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Automating the Generation of Code from OpenAPI in Your Next.js Application

Generate ready to use fetcher methods

In this article, I will share a simple yet functional approach to generating typescript code from OpenAPI definitions that you can use in your application. By the end of it, you’ll be able to provide an OpenAPI definition URL and get out of it a fully-typed function for each defined action.

This article assumes you’re familiar with OpenAPI and how to create an OpenAPI definition file.

I’ll be using this OpenAPI example definition as a reference during the article, feel free to use it or use your own definitions

Fetching the OpenAPI definitions

First of all, we need to fetch the definitions (of course if you have them locally you can skip this step). There’s really not a lot to it in this step, we just need to fetch the data and save it in a file

const fs = require("fs");

const url =
const response = await fetch(url);
const apiDefinition = await response.json();

fs.writeFileSync("./api-definitions.json", JSON.stringify(apiDefinition));

There you go, easy. We have now the definition saved in the file ./api-definitions.json

Generating the TypeScript interfaces

From that definition, we need to create typescript interfaces based on the types described there. We can leverage this popular library to do this work. The simplest way I found to do this in a script is with the following code:

At this point, you’ll have a set of TypeScript interfaces like this that you can import into your code and use as you’d use any TypeScript interface.

const types = execSync(`npx openapi-typescript ./api-definitions.json`);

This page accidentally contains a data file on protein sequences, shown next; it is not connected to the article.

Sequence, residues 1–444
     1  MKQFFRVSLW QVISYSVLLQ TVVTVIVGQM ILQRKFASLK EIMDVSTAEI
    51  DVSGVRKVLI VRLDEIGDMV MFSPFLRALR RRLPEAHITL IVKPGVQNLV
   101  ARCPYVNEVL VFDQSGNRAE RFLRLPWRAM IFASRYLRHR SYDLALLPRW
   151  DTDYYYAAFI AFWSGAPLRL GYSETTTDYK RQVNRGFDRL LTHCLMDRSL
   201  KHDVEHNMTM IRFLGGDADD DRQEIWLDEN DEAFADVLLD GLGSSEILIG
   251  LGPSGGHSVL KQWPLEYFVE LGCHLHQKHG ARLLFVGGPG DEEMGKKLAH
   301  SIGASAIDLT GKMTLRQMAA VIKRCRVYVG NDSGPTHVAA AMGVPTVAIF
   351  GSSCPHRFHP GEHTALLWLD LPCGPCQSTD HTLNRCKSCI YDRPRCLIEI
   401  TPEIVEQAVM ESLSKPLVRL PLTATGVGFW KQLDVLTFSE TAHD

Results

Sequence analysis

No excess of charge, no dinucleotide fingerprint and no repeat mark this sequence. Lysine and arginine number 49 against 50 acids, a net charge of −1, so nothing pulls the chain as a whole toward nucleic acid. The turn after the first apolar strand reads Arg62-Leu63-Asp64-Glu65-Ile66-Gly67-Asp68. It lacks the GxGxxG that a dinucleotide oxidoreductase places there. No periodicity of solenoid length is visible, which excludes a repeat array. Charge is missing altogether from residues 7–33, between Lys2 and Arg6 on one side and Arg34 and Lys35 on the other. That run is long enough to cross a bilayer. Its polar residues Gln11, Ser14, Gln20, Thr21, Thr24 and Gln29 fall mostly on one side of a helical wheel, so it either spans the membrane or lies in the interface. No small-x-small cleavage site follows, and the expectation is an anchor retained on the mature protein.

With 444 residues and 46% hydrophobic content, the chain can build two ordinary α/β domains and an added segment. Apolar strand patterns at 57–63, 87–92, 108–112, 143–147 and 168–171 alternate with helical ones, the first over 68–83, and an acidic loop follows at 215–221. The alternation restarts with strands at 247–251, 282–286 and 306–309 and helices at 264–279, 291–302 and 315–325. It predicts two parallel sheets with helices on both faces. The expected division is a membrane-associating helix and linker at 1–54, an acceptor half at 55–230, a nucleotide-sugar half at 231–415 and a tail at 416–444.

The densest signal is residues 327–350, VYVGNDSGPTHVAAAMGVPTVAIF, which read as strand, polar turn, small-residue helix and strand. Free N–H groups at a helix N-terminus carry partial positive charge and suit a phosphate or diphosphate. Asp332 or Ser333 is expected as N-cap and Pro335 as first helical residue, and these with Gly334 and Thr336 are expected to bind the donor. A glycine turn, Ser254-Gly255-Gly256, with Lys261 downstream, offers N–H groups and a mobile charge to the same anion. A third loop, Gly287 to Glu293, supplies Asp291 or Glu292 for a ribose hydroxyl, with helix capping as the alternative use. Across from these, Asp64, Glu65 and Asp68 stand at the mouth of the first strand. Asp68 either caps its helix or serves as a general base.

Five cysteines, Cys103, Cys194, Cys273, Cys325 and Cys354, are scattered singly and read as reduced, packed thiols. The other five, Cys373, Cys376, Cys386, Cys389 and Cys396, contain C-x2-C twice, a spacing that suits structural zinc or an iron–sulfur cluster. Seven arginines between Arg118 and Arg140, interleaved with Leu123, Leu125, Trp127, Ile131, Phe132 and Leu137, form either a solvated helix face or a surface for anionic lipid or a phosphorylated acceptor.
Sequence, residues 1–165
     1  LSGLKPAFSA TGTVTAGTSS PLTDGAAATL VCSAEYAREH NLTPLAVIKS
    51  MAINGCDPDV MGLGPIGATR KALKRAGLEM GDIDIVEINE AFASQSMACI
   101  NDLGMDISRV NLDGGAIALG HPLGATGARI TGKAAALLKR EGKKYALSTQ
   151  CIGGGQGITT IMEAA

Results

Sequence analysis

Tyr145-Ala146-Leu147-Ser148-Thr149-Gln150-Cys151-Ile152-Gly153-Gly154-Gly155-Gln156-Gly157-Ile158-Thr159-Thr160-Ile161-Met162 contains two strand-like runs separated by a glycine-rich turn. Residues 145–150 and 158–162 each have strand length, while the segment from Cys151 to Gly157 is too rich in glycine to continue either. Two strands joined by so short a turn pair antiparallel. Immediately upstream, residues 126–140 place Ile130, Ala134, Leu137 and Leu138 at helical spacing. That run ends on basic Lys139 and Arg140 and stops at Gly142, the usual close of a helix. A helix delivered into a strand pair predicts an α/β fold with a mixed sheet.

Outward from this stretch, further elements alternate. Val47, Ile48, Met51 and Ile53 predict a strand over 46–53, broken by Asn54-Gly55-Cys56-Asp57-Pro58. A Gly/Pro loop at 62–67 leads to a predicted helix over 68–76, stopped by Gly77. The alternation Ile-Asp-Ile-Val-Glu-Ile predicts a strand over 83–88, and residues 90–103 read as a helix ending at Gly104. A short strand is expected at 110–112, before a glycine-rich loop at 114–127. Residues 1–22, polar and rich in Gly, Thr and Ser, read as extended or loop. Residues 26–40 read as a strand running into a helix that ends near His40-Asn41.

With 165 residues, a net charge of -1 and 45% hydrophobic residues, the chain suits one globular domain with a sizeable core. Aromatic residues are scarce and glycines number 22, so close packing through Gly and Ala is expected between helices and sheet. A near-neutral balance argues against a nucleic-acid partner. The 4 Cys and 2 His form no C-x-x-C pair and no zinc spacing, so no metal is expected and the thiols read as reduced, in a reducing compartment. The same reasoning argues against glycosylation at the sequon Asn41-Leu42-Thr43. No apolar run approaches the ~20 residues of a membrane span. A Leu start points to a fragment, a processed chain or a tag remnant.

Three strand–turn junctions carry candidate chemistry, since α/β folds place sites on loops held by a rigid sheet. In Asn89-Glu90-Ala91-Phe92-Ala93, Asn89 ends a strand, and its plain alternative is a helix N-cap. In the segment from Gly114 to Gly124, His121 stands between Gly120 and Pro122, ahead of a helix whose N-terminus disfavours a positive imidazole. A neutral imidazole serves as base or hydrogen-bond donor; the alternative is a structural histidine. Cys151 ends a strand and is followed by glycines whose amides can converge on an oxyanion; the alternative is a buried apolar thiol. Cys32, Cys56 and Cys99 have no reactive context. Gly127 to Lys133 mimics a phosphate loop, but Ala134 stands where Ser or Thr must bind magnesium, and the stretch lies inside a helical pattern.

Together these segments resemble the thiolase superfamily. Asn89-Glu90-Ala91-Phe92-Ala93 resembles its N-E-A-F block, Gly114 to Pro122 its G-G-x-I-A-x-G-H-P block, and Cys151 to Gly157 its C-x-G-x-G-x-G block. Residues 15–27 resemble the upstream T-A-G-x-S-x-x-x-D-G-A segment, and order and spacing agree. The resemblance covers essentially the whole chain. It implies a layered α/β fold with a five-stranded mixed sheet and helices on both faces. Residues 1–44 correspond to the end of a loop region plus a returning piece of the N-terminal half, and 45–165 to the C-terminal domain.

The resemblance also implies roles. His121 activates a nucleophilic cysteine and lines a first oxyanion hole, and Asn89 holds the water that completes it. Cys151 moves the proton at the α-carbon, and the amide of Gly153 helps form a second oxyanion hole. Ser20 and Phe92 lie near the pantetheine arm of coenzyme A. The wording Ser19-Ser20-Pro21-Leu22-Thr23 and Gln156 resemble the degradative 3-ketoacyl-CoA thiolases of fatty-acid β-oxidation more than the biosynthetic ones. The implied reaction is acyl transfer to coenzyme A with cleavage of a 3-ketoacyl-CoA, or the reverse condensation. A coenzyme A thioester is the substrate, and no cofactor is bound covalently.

fs.writeFileSync("./types.ts", types.toString());

Using the generated types

At this point you can use the beautiful library to generate a fetcher method per each action in the definition at runtime: you feed it the generated types and you’ll get in return a fetcher object that you can use to fetch the resources from the definition. From their documentation and applying it to our example:

import { Fetcher } from "openapi-typescript-fetch";
import { paths } from "./types"; // the file we generated in the previous step
const fetcher = Fetcher.for<paths>()
  baseUrl: '',
  init: {
    headers: {

// create the fetchers
const getProfileById = fetcher.path('/profile/{userId}').method('get').create()
// use them
const { status, data: profile } = await getProfileById({
  userId: '123456'

This is already quite useful in my opinion because you’ll have always up-to-date type-safe fetchers — but it you have many different services with many different actions each it can become annoying to manually write the code to create all the fetchers. We will take it up a notch and remove that problem by generating the code that creates the fetchers, so you’ll get a file with all the possible actions that you can use ready to be imported into your code!

Generating the fetchers code

This is a very rudimentary but pragmatic way of doing it, I am sure there are more elegant ways of doing it but in my use case I have only a bunch of OpenAPI definitions to process and it’s not an issue at all.

The code is very simple: it just needs to spit out some text content and iterate over the definitions!

const fs = require("fs");
function getActions(defs) {
  const paths = Object.keys(defs.paths);